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By Andrea Greenwood

How is a unfastened religion expressed, organised and ruled? How are diversified spiritualities and theologies made appropriate? What could a faith dependent in cause and democracy supply ultra-modern global? This publication might help the reader to appreciate the modern liberal faith of Unitarian Universalism in a old and worldwide context. Andrea Greenwood and Mark W. Harris problem the view that the Unitarianism of recent England is indigenous and the purpose from which the faith unfold. Relationships among Polish radicals and the English Dissenters existed, and the English radicals profoundly prompted the Unitarianism of the nascent usa. Greenwood and Harris additionally discover the U.S. id as Unitarian Universalist because a 1961 merger, and its present courting to foreign congregations, relatively within the context of 20th century enlargement into Asia.

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The Independents were not interested and left the joint fund behind, then prevented the Presbyterians from attending their annual lecture. The Presbyterians soon created their own lecture at Salters’ Hall. This became a site of historic significance to Unitarians in 1719, when 110 ministers met to discuss the nature of the Trinity. The meeting was an attempt to provide guidance to Presbyterians in Exeter who were struggling with the issue raised by Samuel Clarke’s revision of the Book of Common Prayer.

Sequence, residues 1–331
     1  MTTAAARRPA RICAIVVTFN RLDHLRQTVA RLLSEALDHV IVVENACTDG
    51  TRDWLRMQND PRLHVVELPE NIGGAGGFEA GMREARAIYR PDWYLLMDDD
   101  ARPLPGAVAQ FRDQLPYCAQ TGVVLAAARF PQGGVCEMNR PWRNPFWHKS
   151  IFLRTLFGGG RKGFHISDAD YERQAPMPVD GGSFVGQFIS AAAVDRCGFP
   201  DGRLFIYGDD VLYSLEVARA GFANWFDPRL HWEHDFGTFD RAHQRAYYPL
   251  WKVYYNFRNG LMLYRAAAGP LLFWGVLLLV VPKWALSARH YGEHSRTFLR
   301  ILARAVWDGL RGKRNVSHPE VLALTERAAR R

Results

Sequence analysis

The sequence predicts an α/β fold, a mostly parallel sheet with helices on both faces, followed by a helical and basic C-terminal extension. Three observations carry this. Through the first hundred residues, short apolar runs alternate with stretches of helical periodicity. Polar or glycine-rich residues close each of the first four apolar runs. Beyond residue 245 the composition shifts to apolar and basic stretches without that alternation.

John Wycliff (c. 1330–1384) developed a vernacular Bible to deepen a personal relationship with God, from whom all rights flowed to those who were in a state of grace. Wycliff then interpolated this belief into an attack on the institutionalized Catholic Church, which he believed had fallen into a state of sin. The Church could not claim rights that were only available as a gift of God. Wycliff proposed that the Church abandon all its property, require priests to live in poverty, and that the king eradicate the Church’s endowment.

When the church wanted to consider matters essential to the faith, they assembled legislative bodies comprising officials from across a large geographic area. These meetings, and the edicts resulting from them, are referred to as “diets” and named for the city in which the meetings took place, such as the Diet of Worms and the Diet of Torda. Beginnings 27 rights with the Catholics. Isabella supported this arrangement, thus setting a precedent that would lead to even broader tolerance under her son, who renewed this edict in 1563.

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